- User's web browser is sent to login page of his IdP where (s)he authenticates
- After successful authentication, the user's web browser is redirected with a SAML assertion back to the SP
- The SP validates the assertion and extracts the user's attributes (at least a unique identifier that is needed for the Attribute Query).
- If all requested attributes have been released and the AuthnContextClassRef (or the eduPersonAssurance attribute) contains the value 'https://refeds.org/profile/mfa' we're done and the following steps are skipped. (NB: This is only an example. Which access rules are implemented is up to the community or project making use of this approach!)
- Using the identifier attribute, the SP then performs a SAML attribute query to the Attribute Authority (AA) of the Step-up Authentication Service (SAS)
- If available, the AA returns the LoA attribute (login at SAS IdP) for this user to the SP
- Using the Shibboleth Attribute Checker, the SP checks the LoA-related attribute (that was queried from the AA). If that LoA attribute is not present or if it does not have the required value, the user is sent to a web page X of the SAS.
- Web page X is protected by an SP (SAS SP) itself, therefore the user has to authenticate again, this time using the SAS IdP - as a substitute for a second factor of the Home IdP.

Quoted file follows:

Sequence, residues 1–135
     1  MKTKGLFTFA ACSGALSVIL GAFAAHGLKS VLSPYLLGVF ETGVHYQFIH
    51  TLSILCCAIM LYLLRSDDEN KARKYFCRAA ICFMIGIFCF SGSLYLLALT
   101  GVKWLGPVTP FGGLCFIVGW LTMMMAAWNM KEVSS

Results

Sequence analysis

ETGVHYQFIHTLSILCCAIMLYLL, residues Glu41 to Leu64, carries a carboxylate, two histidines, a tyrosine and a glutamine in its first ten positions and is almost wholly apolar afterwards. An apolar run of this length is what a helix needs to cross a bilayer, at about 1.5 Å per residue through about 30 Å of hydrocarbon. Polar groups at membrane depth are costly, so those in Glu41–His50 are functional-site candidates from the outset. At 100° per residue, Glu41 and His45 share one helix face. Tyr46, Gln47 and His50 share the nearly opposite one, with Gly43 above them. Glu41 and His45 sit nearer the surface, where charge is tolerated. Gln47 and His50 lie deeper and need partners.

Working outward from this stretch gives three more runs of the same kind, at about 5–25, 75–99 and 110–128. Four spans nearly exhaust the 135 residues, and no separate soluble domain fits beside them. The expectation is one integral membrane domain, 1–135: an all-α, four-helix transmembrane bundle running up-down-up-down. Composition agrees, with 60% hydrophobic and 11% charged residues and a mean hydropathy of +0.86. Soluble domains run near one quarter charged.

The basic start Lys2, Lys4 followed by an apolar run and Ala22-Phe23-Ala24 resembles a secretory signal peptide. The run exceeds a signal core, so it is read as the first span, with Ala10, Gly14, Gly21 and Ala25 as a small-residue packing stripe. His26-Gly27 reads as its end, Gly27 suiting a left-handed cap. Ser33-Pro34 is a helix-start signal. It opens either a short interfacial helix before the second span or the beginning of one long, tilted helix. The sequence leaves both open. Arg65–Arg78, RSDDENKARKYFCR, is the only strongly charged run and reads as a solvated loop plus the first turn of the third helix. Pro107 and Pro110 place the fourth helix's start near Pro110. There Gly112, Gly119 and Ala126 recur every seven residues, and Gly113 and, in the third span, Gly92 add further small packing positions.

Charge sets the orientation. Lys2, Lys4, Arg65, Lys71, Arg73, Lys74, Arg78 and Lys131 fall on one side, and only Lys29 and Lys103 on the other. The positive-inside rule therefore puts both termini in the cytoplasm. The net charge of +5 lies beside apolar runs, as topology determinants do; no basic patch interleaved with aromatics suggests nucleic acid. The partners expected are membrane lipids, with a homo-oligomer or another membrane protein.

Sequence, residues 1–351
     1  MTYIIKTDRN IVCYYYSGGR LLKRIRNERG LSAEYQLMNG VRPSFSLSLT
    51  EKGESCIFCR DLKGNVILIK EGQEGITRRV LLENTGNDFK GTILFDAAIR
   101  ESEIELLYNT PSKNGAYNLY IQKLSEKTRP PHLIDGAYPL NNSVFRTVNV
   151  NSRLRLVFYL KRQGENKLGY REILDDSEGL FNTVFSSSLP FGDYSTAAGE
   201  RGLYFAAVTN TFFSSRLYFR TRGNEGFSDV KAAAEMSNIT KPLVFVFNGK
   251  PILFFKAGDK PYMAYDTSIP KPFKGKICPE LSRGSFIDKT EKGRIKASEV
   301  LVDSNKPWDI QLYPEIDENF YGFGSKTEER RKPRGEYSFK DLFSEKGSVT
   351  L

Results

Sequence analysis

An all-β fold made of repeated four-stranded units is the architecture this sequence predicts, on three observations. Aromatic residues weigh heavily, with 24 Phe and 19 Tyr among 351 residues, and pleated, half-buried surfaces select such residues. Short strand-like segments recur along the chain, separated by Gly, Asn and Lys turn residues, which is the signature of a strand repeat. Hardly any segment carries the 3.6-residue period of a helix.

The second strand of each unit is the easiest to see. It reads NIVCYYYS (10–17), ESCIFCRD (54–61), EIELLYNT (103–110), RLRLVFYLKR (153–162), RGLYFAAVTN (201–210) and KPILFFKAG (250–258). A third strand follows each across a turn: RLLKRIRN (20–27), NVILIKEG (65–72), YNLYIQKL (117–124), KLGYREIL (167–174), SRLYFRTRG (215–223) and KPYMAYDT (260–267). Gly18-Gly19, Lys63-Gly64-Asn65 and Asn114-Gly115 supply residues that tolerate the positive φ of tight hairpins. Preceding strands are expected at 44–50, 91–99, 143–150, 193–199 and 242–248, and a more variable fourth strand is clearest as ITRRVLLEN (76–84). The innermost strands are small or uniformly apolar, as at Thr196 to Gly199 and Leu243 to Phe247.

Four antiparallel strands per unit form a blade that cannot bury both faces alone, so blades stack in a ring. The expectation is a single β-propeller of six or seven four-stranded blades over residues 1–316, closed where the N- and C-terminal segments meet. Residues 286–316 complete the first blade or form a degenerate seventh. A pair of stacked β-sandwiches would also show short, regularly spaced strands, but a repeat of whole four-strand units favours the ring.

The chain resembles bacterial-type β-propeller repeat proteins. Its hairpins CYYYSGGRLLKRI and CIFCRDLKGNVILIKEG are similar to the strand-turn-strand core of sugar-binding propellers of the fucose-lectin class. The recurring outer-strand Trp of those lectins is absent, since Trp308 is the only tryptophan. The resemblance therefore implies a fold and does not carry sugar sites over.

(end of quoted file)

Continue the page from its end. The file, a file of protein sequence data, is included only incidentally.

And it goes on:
- If authentication at SAS IdP succeeded, a temporary LoA entry is created in database of AA and the user is sent back to SP
- SP initiates login of user again, so (s)he is sent back to his/her IdP (where SSO session is still active) and from there back to the SP, which again initiates a SAML attribute query.
- If the attribute query happened in a reasonably short time interval since the user authenticated at SAS IdP, the AA has released a LoA attribute for the user. Therefore, the AttributeChecker's requirements are met and the user is granted access.
In the above flow it is assumed that the registration of the user with the user directory of the SAS IdP and any identity vetting mechanics have taken place prior to this login flow. The related processes may be subject to local / project / community requirements and are not in the scope of this POC implementation.